If prostate cancer treatment still remains a contested area, it could be because not enough men come forward to participate in clinical trials on new drugs.
One major clinical trial in the US, called Spirit, for Surgical Prostatectomy Versus Interstitial Radiation Intervention Trial, would have compared surgical removal with brachytherapy, which involves implanting radioactive seeds. Just 56 of the 1,980 needed patients enrolled, and the trial was called off in 2004.
"Men don't go into the clinical trials," said Dr. Daniel P. Petrylak, associate professor of medicine and director of the genitourinary oncology program at the Columbia University Medical Center. "That's the whole problem. Patients ask me all the time, 'What is the best treatment?' And I can't give them an evidence-based approach for that, because we don't have the data."
Prostate doctors and patient advocates often compare their cause with that of the other leading sex-specific cancer: one of the largest prostate cancer support groups is called Us Too, a play on the Y-ME National Breast Cancer Organization. The dismal state of prostate cancer research and advocacy pales in comparison to the campaign against breast cancer.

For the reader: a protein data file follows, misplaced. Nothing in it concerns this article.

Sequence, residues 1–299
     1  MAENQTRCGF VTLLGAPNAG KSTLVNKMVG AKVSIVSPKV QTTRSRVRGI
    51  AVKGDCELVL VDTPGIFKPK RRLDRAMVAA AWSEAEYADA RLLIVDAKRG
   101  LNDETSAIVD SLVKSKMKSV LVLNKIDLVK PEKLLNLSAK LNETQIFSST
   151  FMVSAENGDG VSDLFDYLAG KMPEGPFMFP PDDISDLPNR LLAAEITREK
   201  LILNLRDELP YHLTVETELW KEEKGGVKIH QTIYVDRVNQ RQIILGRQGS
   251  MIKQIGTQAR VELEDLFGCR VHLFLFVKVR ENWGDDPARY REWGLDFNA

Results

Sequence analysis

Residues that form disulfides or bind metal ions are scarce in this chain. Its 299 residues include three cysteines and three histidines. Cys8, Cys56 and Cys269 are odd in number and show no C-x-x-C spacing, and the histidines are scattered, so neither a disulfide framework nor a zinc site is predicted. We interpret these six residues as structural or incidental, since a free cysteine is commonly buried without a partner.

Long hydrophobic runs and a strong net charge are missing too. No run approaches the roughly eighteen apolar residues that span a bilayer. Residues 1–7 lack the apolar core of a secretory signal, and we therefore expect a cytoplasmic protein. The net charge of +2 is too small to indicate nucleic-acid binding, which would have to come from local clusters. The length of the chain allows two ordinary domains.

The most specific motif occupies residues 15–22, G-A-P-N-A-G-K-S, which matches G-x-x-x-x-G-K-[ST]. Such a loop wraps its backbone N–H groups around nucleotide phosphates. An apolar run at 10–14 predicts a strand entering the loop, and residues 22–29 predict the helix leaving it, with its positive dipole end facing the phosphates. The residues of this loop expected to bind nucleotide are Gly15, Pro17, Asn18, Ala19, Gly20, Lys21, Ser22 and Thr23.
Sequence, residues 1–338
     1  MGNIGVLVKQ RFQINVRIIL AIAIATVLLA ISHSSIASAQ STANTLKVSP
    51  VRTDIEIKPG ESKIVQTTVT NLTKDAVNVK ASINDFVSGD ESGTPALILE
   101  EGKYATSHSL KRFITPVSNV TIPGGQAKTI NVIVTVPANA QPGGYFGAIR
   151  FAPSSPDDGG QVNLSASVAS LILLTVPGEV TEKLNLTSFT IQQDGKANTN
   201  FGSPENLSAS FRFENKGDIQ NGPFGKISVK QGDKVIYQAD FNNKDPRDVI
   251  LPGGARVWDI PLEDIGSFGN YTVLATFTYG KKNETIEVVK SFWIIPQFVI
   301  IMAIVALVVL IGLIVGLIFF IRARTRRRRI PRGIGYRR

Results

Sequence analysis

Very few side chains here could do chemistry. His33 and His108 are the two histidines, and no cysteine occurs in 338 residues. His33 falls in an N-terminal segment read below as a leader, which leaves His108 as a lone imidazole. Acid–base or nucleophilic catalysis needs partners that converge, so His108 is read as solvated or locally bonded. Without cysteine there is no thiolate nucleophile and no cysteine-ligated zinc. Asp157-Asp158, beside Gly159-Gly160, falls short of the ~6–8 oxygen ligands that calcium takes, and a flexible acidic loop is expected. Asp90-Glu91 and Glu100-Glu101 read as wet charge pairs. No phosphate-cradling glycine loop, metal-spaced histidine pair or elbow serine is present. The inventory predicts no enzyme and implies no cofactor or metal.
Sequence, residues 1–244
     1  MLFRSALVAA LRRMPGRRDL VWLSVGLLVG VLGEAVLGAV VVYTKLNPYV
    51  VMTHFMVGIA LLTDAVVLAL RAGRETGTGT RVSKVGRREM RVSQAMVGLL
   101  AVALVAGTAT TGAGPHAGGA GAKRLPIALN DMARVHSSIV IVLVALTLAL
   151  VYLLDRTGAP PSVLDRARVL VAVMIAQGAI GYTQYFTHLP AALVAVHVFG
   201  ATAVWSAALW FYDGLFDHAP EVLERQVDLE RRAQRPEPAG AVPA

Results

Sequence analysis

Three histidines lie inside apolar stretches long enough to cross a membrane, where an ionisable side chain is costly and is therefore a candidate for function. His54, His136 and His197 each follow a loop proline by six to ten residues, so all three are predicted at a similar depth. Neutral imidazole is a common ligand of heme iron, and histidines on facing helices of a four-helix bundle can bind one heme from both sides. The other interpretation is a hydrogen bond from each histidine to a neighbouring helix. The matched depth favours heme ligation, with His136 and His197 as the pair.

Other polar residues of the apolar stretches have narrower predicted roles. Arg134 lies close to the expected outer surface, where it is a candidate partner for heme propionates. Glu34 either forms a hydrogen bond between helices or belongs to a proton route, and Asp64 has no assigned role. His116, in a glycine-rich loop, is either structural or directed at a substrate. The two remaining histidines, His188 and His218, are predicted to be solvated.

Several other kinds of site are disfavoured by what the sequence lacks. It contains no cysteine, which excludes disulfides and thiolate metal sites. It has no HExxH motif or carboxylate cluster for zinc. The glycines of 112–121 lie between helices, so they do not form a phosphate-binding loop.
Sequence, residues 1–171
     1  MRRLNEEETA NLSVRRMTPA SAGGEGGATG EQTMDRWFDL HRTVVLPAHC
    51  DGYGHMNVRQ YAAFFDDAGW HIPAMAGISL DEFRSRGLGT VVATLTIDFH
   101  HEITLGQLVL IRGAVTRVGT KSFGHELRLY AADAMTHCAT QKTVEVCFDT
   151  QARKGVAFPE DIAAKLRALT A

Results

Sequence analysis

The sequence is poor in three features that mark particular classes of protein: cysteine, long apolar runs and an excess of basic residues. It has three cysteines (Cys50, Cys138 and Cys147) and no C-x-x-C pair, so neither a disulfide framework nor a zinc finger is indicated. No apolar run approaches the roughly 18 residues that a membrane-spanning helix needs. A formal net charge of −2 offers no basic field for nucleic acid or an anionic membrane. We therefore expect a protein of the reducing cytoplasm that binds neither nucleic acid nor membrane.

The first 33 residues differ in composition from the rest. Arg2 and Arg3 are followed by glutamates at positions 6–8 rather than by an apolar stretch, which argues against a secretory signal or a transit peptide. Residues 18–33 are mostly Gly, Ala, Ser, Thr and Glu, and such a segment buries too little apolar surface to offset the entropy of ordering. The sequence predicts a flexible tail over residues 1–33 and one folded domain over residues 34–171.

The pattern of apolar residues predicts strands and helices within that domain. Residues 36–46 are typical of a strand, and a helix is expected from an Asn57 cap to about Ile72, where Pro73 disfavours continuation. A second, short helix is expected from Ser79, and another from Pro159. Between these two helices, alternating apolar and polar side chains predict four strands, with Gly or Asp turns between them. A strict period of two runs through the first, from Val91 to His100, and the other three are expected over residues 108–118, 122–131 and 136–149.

"We're at least a decade behind where breast cancer awareness is," Thomas Kirk, president of Us Too, said. "We need to catch up. The lessons learned by breast cancer are the ones we're trying to apply to prostate cancer."
Prostate cancer groups have tried to replicate the success of the pink ribbon campaign with their own blue ribbon, but it has yet to gain widespread acceptance. A group advocating the development of imaging technology for prostate screening created a mascot, Prosty the Spokesgland, complete with a theme song, to the tune of "Frosty the Snowman." Not surprisingly, it has not caught on, either.
Government spending for prostate cancer lags, too. In 2007, the National Cancer Institute spent an estimated $551.1 million on breast cancer research and $305.6 million on prostate cancer. For 2008, the Defense Department, which has a history of supporting health research, has allocated $138 million for breast cancer and $80 million for prostate cancer, notes Tara Parker-Pope, writing in the New York Times.
Prostate cancer researchers say the real problem is not so much financing as enlisting doctors and patients on board for clinical trials.
But by 2010, men should have some answers from Pivot, the Prostate Cancer Intervention Versus Observation Trial, which is comparing surgical removal with watchful waiting. Results of studies looking at P.S.A. screening as well as the preventive benefits of the supplements vitamin E and selenium are also expected in a few years.
"This is the state of prostate cancer," Mr. Kirk of Us Too said. "There aren't any clear answers."